It was one of the best jobs I ever had.
It wasn't perfect—no job ever is—but I enjoyed showing up, enjoyed my co-workers (not all of them—we can't like everybody), enjoyed dealing with my customers, who were, on the whole, good to deal with. But it was retail, and you couldn't please everybody, and some customers liked to complain.
But for the most part, it was a store for hobbyists, for photographers who wanted to acquire good equipment at a good price, who wanted to have their photos produced to the best quality that technology offered, that they wanted to buy frames in which to display their best photographs.
I loved photography, so when I was not serving a customer, I was learning about the features and capabilities of the newest cameras. I read about photo techniques, so that I could show customers how to get the most out of their cameras, how to get the most enjoyment out of their hobby.
I would review photos with customers, when they wanted to share, and help determine why a photo did not turn out as expected. Some customers, who were proud of a particular shot, would show me and tell me how he or she obtained the results, so that I could try it out and further improve my knowledge.
Some customers became friends. We would socialize after hours, would attend events with our cameras and share in some memories.
Before she was my mother-in-law, before I was even dating her daughter, my wife's mom was a regular customer, dropping off her rolls of film for development.
Some customers were strange, would take the oddest photos, would take nude selfies and then give me copies (I didn't keep them).
My co-workers and I had many laughs. We were dedicated to our work, but we knew how to have fun in executing our duties. I remember when Martin Short was our spokesperson, and we had a life-sized cutout of the comedian to greet the customers as they entered the store. When the mall manager made off with the cutout, I stood in Short's place for a few minutes, mimicking his pose, until I finally chased down the thief. She had him in her office, next to her desk, with several helium balloons tied to him. She was trying to see if she could make Martin Short fly.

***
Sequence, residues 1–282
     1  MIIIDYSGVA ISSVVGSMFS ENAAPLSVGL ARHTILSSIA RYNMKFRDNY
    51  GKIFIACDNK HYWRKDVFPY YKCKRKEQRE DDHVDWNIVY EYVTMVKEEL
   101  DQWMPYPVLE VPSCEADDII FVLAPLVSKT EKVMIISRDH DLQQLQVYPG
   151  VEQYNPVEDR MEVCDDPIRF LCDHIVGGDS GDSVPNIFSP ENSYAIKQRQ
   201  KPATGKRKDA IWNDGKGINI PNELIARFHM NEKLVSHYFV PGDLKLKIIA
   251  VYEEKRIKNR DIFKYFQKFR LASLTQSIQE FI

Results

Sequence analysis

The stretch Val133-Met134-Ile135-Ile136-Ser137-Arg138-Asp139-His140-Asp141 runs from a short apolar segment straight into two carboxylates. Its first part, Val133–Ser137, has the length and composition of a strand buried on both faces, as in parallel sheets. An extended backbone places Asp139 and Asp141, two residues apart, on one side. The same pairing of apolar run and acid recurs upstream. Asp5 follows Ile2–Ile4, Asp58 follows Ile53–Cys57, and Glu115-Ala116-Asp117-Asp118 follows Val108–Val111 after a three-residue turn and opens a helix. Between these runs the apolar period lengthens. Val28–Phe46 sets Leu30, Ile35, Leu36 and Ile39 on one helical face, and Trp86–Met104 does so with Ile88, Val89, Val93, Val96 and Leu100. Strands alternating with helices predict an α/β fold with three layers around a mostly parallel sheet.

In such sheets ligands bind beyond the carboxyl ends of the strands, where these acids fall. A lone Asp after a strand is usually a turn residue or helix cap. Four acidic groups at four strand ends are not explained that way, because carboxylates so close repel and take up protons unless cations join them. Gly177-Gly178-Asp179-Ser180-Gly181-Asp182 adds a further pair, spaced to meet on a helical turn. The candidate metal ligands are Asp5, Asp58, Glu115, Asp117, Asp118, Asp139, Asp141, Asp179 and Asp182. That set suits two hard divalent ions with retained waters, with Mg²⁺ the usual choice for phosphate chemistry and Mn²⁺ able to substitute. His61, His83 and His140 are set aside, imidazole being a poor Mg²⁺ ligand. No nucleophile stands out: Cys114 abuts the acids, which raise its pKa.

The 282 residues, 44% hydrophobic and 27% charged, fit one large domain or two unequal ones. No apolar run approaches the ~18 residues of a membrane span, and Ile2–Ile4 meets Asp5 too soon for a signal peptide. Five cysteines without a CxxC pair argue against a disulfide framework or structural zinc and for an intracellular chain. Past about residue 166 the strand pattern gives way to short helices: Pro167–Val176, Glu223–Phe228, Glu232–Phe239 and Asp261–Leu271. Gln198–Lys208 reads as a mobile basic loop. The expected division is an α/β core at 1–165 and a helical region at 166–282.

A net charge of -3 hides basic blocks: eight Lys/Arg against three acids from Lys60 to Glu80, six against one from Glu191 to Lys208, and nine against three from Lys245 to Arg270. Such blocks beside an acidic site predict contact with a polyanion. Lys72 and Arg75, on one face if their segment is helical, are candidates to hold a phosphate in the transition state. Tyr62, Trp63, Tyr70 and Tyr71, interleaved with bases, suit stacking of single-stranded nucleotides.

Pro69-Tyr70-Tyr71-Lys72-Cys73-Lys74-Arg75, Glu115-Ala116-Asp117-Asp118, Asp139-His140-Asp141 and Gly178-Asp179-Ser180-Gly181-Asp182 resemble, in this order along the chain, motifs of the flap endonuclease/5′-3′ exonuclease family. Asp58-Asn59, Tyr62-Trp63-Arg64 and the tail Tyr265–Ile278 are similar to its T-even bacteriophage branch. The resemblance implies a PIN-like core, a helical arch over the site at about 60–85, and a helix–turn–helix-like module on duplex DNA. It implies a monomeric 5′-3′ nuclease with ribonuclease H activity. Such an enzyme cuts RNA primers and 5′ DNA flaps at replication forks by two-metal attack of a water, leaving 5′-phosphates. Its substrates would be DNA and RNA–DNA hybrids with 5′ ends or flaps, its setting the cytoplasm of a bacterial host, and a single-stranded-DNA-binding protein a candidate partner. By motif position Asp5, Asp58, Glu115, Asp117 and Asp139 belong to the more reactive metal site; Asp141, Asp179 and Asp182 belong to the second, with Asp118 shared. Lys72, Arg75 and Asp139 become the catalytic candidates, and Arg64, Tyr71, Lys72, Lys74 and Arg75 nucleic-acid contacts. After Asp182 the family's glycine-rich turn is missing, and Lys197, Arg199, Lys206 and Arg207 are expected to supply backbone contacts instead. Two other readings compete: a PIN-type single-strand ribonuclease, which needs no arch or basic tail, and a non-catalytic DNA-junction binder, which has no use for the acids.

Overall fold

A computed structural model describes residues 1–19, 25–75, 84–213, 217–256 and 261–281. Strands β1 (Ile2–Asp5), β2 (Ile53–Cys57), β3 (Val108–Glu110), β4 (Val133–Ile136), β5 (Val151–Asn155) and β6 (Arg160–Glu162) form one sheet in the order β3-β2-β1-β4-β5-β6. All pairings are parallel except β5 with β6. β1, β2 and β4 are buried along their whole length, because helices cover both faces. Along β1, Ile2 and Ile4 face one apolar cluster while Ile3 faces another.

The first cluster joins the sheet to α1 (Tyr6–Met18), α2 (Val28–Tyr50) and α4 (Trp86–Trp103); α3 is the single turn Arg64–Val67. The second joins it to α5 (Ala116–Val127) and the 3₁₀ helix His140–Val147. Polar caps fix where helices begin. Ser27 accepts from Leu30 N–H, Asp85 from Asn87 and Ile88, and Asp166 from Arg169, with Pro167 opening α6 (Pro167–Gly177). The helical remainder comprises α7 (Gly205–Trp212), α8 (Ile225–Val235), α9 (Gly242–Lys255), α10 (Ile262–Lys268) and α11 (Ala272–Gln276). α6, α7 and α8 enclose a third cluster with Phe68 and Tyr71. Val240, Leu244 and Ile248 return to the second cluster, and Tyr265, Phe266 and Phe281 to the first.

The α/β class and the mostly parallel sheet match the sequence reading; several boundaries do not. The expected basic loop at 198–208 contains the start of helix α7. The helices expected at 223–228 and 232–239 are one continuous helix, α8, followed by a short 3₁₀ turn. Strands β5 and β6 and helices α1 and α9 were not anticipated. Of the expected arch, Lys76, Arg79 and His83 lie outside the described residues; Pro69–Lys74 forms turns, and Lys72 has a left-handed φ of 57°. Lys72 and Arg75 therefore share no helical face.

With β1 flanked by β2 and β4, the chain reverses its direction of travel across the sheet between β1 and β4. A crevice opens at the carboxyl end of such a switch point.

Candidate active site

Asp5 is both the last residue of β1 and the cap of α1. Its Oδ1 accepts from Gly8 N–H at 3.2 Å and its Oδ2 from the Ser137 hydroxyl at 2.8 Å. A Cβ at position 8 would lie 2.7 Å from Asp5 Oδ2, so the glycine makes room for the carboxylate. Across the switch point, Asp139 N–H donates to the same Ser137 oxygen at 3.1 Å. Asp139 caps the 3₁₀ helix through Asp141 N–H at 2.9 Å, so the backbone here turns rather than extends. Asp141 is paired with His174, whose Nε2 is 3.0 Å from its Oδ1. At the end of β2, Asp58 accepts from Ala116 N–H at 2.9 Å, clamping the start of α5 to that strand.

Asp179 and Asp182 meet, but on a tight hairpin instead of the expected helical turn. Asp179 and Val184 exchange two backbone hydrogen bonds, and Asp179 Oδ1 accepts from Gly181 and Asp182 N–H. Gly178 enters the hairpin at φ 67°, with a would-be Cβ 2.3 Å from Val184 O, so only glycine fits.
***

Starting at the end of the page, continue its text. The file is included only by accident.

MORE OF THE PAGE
We would spray ice-cold, compressed air into empty plastic film cannisters, snap on the lids, and hide them around the store, where they would pop open with a loud bang as the air warmed and expanded. It was great fun when an unsuspecting employee was standing next to one of these miniature time bombs when they went off.
Some of those who stood shoulder-to-shoulder at the film counter remain as good friends. Even after I left, I remained a loyal customer, kept in touch with so many colleagues. While I loved that job, I had other ambitions, other wants, and while my time at Black's Cameras was richly rewarding, it would never make me rich. I left for a better-paying job, and ultimately on a path that took me to where I am today (I'm still not rich, but my desire to write overcame my desire to sell cameras and film).
I owe my time at Black's to learning strong skills in dealing with the public and to having strong sales skills. I had a great mentor—indeed, great mentors—who made me a better person. What I learned about photography in those years helped shape the photographer I am, and I'm constantly remembering and applying techniques that I learned on-the-job.
When I learned that Black's Cameras will be closing all of its doors in August, I felt a pang of sadness. I remembered so many great memories that I felt I could write a book. I remembered faces of customers—Wilma, Mr. Yhap, Mr. Gold, Brian. I thought of the wonderful people who I worked with—Cesar, Graeme, Jim, Tony, Laura, Pia, Wendy, Joe, John, Steve, Ron, Rick, and of course, my good friend, Marc. There are so many more people who came and went, and I remember them, too. From the Merivale Mall store to the two in the St. Laurent Shopping Centre, to the stores where I helped out from time to time—Bayshore, Carlingwood, and Baseline at Fisher.
It's the end of an era. I started as a part-time employee, became a full-time staff member, an assistant manager at two stores, before I returned to part-time status, and eventually, casual. I enjoyed that job, no matter my level of responsibility.
And I will always have my memories.